Household Goods and Good Households in Late Medieval London
Consumption and Domesticity After the Plague
by Katherine L. French
40 halftones, 20 graphs, 9 tables, 2 maps
The Black Death that arrived in the spring of 1348 eventually killed nearly half of England's population. In its long aftermath, wages in London rose in response to labor shortages, many survivors moved into larger quarters in the depopulated city, and people in general spent more money on food, clothing, and household furnishings than they had before. Household Goods and Good Households in Late Medieval London looks at how this increased consumption reconfigured long-held gender roles and changed the domestic lives of London's merchants and artisans for years to come.
Grounding her analysis in both the study of surviving household artifacts and extensive archival research, Katherine L. French examines the accommodations that Londoners made to their bigger houses and the increasing number of possessions these contained. The changes in material circumstance reshaped domestic hierarchies and produced new routines and expectations. Recognizing that the greater number of possessions required a different kind of management and care, French puts housework and gender at the center of her study. Historically, the task of managing bodies and things and the dirt and chaos they create has been unproblematically defined as women's work. Housework, however, is neither timeless nor ahistorical, and French traces a major shift in women's household responsibilities to the arrival and gendering of new possessions and the creation of new household spaces in the decades after the plague.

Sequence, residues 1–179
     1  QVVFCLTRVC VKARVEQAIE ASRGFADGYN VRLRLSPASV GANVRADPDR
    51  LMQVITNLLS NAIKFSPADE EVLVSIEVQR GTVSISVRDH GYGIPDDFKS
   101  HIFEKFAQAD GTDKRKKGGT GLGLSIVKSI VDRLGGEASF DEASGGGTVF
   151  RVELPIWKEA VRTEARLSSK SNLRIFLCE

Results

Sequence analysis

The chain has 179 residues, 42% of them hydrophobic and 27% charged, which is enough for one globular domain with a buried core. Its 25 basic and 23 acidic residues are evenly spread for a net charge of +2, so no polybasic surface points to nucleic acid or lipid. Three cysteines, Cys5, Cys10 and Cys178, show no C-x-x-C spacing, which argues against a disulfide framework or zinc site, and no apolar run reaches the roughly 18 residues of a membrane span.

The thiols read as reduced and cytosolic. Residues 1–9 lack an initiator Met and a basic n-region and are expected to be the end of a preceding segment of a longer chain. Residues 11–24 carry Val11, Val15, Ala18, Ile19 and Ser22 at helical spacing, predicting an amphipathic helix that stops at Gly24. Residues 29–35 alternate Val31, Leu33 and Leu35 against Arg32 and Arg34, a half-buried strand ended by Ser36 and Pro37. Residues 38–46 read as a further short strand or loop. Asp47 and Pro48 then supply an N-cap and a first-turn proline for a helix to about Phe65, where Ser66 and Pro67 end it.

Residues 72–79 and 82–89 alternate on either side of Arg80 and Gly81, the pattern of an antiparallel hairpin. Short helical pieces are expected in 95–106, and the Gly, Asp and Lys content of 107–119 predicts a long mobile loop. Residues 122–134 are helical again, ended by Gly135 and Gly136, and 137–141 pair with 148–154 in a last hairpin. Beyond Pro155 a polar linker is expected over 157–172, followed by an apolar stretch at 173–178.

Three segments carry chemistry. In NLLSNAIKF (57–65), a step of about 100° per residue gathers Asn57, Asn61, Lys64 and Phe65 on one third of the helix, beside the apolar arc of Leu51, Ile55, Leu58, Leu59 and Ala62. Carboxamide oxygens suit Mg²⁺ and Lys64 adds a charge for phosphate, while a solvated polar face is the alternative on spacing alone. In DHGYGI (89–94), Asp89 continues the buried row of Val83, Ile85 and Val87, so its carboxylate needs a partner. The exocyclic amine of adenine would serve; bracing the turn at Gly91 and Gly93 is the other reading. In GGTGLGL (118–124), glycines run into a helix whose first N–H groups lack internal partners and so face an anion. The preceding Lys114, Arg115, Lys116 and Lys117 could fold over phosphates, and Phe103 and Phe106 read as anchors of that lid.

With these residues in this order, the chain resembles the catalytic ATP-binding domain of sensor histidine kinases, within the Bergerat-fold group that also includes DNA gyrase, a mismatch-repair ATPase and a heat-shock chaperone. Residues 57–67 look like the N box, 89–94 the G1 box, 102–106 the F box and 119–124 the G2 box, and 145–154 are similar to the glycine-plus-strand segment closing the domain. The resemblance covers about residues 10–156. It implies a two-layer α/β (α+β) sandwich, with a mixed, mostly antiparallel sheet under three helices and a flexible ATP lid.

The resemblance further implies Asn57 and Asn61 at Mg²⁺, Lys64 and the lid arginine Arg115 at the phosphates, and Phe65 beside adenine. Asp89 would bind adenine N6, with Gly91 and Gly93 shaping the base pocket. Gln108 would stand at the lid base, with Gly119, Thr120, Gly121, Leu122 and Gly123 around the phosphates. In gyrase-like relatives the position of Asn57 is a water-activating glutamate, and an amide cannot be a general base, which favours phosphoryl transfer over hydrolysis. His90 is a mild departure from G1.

Katherine L. French offers an original and convincing hypothesis about a distinctive mercantile and artisanal culture that is not merely emulative of elite consumption practices, but rather innovative and adaptive. Throughout, she explores the relationship between gender, 'stuff,' and the lifeways and rituals associated with household work, food, and childbirth. More broadly, she makes a powerful contribution to wider historical and sociological discussions about the relationship between people and their things. Kate Giles, University of York